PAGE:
Police could not provide sufficient evidence to support this claim.
The Privacy Commissioner and the Independent Police Conduct Authority noted that even if evidence did exist, this would not justify a practice not permitted under the law.
Police officers can legally photograph members of the public at traffic stops under the Land Transport Act, including when an infringement notice is being issued and the driver’s identity is not able to be ascertained in other way. But the report found officers have instead used traffic stops at times to gather intelligence, including photographs, which the investigation found was generally unlawful.
MacPherson said: "It's very simple. When police officers are in uniform and operating as police officers, they are not members of the public. They are an agency under the Privacy Act, they are 'the police', and as a consequence, they have to meet a higher standard."
The investigation found that there was a widespread belief amongst officers that there is no difference between photographing adults or youths for intelligence-gathering or investigative purposes, despite children and young people having special protections in the criminal justice system, including under the Oranga Tamariki Act.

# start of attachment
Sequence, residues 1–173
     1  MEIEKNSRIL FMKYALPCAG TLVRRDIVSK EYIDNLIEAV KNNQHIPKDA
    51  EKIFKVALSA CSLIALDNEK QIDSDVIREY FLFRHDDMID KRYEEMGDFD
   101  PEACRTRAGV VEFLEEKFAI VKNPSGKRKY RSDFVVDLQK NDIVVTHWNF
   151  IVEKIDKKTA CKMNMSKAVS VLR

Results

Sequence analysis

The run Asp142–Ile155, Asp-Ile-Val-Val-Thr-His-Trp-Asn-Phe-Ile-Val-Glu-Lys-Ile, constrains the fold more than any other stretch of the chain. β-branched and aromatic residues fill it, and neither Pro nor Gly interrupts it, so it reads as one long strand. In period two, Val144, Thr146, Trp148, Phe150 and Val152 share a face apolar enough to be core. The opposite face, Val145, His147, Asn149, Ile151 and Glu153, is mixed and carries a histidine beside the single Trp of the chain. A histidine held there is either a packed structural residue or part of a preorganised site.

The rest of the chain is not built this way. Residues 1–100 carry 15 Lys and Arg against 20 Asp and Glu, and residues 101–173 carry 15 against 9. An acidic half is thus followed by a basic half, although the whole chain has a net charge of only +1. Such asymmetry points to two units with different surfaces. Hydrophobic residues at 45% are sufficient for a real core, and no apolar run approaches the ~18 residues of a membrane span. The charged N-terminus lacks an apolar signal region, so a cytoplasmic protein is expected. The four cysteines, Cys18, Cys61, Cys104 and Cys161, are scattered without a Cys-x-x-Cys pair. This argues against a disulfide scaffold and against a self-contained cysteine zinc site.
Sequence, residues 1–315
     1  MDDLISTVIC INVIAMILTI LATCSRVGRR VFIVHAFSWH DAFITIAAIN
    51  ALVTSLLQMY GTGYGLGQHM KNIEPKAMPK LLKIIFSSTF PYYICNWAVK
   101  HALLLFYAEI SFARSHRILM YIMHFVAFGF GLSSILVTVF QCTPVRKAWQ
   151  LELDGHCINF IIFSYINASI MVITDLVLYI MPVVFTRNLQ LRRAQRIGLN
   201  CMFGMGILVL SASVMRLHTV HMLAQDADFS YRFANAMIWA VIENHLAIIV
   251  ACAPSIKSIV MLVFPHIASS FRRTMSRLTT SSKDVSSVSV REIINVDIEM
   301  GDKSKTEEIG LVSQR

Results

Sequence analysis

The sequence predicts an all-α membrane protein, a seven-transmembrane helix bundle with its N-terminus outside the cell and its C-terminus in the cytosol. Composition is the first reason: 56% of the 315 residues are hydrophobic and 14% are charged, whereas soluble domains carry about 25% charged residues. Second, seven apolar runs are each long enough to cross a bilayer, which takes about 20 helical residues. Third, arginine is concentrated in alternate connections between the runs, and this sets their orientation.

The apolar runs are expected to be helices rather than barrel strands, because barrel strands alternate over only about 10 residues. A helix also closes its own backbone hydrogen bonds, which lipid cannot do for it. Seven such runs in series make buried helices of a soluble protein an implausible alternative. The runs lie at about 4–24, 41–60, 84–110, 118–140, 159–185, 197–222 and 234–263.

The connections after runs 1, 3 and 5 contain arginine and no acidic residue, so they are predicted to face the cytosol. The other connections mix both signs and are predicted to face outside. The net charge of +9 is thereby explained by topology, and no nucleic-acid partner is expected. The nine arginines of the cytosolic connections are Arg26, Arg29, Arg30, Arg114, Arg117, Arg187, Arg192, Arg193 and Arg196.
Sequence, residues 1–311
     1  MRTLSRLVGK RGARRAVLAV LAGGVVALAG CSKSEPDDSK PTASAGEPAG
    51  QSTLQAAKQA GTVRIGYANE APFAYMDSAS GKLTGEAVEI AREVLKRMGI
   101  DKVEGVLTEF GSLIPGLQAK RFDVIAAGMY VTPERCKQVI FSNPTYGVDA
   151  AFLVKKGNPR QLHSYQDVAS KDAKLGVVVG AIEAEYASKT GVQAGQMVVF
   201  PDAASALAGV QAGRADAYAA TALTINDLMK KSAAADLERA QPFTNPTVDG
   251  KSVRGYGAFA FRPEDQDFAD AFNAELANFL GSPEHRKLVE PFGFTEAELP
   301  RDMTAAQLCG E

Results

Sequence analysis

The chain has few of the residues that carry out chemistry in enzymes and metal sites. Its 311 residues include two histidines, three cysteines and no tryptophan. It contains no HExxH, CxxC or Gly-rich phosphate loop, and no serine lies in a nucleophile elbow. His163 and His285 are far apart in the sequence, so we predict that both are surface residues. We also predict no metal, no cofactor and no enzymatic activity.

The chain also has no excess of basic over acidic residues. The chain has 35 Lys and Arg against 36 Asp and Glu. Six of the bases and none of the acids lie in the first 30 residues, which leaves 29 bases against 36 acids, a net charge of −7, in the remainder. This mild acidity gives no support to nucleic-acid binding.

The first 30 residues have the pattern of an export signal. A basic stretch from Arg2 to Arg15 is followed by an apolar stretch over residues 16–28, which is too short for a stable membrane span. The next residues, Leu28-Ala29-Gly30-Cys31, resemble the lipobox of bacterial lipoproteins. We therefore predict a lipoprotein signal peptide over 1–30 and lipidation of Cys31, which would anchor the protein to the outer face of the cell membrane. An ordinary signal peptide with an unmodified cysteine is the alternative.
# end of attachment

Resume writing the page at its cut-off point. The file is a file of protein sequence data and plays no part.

Police actions were found to be largely inconsistent with those protections.
Many officers were found to mistakenly see consent as allowing them to collect personal information, including photographs and prints, in situations where the law does not otherwise allow them to do so.
"It is not possible to use consent as a way of getting access to something that is not lawful for you to collect in the first place," said MacPherson.
In December last year, the Deputy Privacy Commissioner issued a compliance notice to Police, ordering them to stop collecting duplicate photographs and fingerprints from young people and delete all unlawfully collected images.
Police have complied and are reporting regularly on their progress with the compliance notice.
The Privacy Commissioner and the IPCA said the unlawful collection and retention of photographs by police have occurred because there is a general lack of awareness amongst police of their obligations under the Privacy Act.
The report recommends a complete overhaul of police privacy practices and policies, to ensure that they only photograph members of the public where there is a specific statutory authorisation or full compliance with the information privacy principles.
The report uses a Ngāti Awa whakataukī or proverb, Waiho, mā te whakamā e patu, to summarise its findings. It refers to the whakamā or shame that rangatahi and whānau have experienced as a result of police photographing rangatahi without following correct procedure.
"In order to restore balance, the whakamā needs to shift from whānau to police in acknowledging the impacts of their actions," the report says.
MacPherson acknowledged all the whānau involved.
"We were really humbled by the whānau and the rangatahi who brought their stories forward. They want to see change and our hope is that this report will create a real platform for change."